This is a post about my thoughts on Justin Timberlake’s new album, ‘The 20/20 Experience”, and is the first half of a two post topic centered around Justin Timberlake’s entrepreneurial attempts this year. To read my impressions on the New Myspace, click here.
Many of you have probably heard of Justin Timberlake’s much awaited return to music in his announcement of working on a new album ‘The 20/20 Experience’. His announcement was strategically placed with the public release of the revamped Myspace website. In case you didn’t know, Justin Timberlake has a stake in the once-mainstream social network. I think Timberlake had tried pulling off two enterprising acts with both these releases, and I want to share my thoughts on how each act is faring. This post addresses the album, a following one will address the social network.
’20/20′ is a strong comeback for Justin Timberlake into music, given a 7 year hiatus from record releasing. (To give you perspective, his last album was Future Sex/Love Sounds – doesn’t that make you feel old?) It is simply given that Timberlake is a talented and hard working artist, and does not in anyway come off rusty or out of shape in this album. To add to the mix, he has paired up with his old-time producer Timbaland to bring out the record, which is apparent if you’ve listened to any Timberlake from the last decade, but also was able to pair up with rap superstar on his first hit from this album, “Suit & Tie”.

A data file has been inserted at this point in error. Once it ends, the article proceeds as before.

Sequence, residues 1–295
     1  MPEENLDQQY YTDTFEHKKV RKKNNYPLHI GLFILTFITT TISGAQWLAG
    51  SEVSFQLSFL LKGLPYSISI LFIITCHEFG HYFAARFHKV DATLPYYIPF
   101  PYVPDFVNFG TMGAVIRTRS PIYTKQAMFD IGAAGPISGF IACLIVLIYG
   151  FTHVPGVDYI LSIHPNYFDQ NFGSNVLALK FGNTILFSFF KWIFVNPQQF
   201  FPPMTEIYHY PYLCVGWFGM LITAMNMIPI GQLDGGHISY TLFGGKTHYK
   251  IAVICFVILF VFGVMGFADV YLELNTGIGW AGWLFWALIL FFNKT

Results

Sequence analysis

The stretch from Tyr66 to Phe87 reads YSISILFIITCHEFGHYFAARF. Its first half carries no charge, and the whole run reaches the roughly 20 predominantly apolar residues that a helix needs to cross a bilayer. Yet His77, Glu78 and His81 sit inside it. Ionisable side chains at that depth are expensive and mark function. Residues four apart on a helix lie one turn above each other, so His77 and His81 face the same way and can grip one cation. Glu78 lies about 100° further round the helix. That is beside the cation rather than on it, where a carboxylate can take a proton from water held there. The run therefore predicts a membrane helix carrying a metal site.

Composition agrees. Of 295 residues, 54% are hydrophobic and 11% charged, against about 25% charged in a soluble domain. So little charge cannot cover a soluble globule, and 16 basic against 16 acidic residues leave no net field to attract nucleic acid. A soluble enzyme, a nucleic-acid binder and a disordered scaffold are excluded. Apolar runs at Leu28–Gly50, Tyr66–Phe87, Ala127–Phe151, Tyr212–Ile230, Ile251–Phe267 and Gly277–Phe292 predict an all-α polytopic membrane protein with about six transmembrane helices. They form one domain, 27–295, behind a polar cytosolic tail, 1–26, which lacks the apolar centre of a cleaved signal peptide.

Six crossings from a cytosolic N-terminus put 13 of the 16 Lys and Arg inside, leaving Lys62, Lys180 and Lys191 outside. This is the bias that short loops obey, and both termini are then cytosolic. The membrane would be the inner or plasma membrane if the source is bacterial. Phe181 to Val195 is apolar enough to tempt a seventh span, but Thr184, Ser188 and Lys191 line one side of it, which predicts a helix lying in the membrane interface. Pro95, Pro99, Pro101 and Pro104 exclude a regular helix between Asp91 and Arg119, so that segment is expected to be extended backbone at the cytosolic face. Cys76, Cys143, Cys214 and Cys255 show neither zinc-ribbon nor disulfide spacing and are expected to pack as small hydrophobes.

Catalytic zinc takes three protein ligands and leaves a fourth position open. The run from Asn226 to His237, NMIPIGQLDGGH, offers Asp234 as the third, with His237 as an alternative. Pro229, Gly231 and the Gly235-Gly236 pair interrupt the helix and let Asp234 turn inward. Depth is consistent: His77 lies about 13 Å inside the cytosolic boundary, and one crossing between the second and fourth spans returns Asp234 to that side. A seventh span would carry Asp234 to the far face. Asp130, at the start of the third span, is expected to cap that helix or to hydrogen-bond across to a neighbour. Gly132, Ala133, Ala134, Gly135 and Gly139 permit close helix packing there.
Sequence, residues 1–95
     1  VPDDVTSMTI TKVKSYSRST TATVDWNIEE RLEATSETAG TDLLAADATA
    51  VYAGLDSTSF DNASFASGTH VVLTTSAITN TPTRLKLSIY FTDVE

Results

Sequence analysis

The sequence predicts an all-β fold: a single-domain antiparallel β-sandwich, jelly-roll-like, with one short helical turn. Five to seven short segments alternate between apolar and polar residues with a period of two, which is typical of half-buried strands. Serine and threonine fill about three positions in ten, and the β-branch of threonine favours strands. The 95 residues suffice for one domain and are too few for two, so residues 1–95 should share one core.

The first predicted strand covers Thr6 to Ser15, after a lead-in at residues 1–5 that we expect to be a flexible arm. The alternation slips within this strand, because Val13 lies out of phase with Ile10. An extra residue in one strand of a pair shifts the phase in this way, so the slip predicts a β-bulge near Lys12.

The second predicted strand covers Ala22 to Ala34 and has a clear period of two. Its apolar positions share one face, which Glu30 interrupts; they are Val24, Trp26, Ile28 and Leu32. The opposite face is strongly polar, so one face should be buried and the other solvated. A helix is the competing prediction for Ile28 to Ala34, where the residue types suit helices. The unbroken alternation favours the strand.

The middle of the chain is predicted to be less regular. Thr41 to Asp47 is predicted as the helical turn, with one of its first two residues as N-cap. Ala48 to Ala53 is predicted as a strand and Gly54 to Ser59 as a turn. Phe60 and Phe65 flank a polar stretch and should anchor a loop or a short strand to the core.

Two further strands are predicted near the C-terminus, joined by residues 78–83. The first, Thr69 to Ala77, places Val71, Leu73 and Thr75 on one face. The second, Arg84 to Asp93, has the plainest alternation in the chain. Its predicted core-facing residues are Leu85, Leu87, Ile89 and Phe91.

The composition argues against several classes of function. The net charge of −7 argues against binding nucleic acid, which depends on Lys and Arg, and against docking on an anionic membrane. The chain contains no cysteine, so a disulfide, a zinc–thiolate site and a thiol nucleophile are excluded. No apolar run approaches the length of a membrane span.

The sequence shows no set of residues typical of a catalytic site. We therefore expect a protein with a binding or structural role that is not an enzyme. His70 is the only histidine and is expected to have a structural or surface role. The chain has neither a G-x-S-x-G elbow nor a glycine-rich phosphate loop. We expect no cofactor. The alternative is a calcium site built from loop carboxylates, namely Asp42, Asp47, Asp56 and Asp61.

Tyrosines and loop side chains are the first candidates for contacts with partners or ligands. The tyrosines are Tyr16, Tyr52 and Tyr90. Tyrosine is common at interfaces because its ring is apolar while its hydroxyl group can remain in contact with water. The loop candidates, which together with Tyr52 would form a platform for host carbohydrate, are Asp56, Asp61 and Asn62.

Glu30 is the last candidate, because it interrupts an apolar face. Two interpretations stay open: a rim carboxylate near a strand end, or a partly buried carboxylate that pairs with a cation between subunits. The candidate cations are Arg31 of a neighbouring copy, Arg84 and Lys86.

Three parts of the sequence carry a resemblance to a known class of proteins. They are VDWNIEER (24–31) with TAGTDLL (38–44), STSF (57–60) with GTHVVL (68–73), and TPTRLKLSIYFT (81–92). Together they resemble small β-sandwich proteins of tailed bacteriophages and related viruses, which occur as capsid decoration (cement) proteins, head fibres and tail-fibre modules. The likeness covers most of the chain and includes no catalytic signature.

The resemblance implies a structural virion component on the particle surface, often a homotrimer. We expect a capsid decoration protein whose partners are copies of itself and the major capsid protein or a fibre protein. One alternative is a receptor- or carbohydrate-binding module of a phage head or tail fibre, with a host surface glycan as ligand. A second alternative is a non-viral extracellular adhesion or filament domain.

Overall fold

In a time when songs are getting shorter, JT exercises discipline in maintaining the flow throughout it’s longer tracks. It is important to note that while this album is more of the same (in that case, a good thing), there are two ways that this album stands unique from the last one. First, this album is the first half of a double album – the second half of which is coming out fall of this year. Another unique aspect is that this album sports tracks that run an average of about 6.5 – 7 minutes each. In a time and place where songs are getting shorter and ‘radio-friendly’, JT exercises a discipline in maintaining the flow throughout it’s longer tracks. I am a fan of this move, and come off feeling more satisfied with listening to the album than many others out there.
If you enjoyed classic Timberlake, and missed the sensation, 20/20 will not disappoint. But if you care, you probably already know that, given the albums been out for over a month.
It’s a strong collection, almost nostalgic, but refreshingly different and with a added sense of maturity enough for newcomers and old fans alike to enjoy Timberlake. I’m looking forward to Part 2 this year.
– Pusher Love Girl